These are some of my favorite pieces from the stunning jewelry collection of Marie Antionette. Ten of her pieces, from the Bourbon-Parma family, sold at auction in 2018 after being in private collections for over 200 years. Sotheby’s is called the sale “one of the most important royal jewelry collections ever to come to auction.” Marie Antionette’s natural saltwater peal and diamond bow pendant broke a record for a pearl sale, coming in at over $36 million.
During the 1700’s cultured pearls did not exist. Free divers would have to descend more than 100 feet on a single breath to manually gather oysters. Because of this, pearls became the make of wealth and privilege and were more revered than diamonds.
These pieces were some of the many which King Louis XVI and Marie-Antoinette were able to smuggle out before their family prepared their escape in March 1791. The queen placed all her diamonds, rubies, and pearls in a wooden chest, which made its way to Brussels in the care of Count Argenteau who then sent them to the Austrian Emperor (Marie Antionette’s nephew) in Vienna for safekeeping.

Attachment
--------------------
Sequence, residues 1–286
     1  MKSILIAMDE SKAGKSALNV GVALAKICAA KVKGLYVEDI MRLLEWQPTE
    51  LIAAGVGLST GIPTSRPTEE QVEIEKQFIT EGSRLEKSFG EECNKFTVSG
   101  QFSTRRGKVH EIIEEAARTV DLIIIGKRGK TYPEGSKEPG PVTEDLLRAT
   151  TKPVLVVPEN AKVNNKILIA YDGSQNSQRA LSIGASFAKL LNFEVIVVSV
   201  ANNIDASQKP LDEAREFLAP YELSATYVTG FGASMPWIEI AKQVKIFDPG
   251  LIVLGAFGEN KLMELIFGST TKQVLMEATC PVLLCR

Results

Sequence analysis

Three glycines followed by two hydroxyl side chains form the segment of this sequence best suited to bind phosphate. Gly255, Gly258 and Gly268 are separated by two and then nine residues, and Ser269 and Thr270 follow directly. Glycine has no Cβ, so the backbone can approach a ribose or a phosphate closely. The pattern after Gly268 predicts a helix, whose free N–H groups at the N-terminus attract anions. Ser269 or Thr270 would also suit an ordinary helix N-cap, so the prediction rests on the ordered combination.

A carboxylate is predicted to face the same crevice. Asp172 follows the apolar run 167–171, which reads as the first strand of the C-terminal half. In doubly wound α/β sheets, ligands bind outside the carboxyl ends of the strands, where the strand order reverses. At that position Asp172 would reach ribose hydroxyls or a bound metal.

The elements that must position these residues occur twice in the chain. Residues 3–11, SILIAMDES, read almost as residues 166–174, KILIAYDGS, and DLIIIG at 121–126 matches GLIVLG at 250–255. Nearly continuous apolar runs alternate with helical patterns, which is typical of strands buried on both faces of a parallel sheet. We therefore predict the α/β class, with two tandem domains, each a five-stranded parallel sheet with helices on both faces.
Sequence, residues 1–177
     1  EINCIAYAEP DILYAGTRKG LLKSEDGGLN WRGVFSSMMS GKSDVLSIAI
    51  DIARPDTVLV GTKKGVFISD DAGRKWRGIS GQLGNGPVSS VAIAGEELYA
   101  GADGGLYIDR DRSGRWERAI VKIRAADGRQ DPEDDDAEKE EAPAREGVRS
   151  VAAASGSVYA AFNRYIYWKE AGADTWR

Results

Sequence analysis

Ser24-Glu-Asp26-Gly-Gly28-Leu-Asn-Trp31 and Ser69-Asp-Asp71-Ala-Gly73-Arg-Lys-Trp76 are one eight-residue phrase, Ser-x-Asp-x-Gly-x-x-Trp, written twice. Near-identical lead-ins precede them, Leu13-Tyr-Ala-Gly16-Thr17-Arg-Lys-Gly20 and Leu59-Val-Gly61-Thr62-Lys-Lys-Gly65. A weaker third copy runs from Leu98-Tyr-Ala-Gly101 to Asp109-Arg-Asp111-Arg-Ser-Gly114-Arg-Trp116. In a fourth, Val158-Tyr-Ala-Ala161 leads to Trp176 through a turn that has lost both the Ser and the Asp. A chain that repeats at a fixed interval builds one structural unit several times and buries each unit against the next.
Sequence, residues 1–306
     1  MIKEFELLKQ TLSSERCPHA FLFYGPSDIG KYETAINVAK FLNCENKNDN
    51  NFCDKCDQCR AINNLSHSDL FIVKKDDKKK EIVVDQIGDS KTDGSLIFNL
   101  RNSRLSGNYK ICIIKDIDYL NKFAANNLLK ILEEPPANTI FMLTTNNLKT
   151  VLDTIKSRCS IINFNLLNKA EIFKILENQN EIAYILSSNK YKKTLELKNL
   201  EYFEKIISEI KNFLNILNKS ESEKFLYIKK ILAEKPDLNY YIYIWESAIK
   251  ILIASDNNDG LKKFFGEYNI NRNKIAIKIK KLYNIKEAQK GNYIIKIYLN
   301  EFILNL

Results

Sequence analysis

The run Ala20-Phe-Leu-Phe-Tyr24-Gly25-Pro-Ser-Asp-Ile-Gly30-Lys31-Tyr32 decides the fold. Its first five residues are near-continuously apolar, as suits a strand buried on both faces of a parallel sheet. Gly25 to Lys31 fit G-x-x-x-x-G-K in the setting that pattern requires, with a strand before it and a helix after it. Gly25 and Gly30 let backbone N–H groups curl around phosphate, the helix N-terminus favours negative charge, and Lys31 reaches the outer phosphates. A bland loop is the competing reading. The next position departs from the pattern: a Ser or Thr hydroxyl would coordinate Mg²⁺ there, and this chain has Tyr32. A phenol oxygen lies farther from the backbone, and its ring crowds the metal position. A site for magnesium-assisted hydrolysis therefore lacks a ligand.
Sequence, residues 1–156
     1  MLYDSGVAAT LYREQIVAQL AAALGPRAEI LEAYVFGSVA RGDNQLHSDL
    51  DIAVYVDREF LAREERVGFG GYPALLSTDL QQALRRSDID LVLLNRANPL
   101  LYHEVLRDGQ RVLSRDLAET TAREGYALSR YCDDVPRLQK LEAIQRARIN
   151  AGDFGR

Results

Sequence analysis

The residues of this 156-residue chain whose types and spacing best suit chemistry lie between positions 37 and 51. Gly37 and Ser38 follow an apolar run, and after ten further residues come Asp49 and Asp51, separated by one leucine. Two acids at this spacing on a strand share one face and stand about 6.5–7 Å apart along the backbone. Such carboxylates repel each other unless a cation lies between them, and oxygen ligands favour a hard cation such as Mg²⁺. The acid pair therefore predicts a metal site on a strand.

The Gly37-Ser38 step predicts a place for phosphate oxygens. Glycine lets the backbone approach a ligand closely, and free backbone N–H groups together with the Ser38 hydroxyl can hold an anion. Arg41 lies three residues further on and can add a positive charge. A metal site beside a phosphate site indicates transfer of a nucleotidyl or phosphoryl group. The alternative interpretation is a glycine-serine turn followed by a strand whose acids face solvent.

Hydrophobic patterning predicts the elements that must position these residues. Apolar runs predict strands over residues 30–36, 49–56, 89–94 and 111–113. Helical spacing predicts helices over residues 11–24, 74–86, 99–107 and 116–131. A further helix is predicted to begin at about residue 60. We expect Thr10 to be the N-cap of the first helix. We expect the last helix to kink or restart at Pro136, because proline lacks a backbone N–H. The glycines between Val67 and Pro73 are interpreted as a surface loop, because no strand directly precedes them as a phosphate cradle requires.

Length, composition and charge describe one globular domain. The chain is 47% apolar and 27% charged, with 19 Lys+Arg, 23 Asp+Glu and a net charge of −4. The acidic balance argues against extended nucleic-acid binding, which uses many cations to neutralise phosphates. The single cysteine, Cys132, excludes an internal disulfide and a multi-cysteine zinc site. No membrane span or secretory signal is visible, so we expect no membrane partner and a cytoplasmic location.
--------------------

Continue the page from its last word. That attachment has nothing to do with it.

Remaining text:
Prior to Marie Antoinette’s reign, philosopher Rousseau cited that a 16th-century princess had uttered “Let them Eat Cake” upon hearing that her people were starving. In reality, the phrase was likely later attributed to Marie Antoinette in order to account for her fall from grace. Despite popular belief, there is no historical evidence that Marie Antoinette ever uttered the famous quote “let them eat cake.” In fact, it was likely a rumor started as a way of further decreasing her popularity among the general French population. The first recording of Marie Antoinette in relation to the phrase did not occur until 50 years after her death.
After Marie Antionette’s execution, her only surviving child, Marie-Thérèse Charlotte of France was released from three years of solitary confinement in 1795 and sent to Austria. There, she was reunited with he mother’s jewelry. She had no children of her own but left the jewelry with her Bourbon-Parma family members where it remained for over 200 years, until auction off in 2018.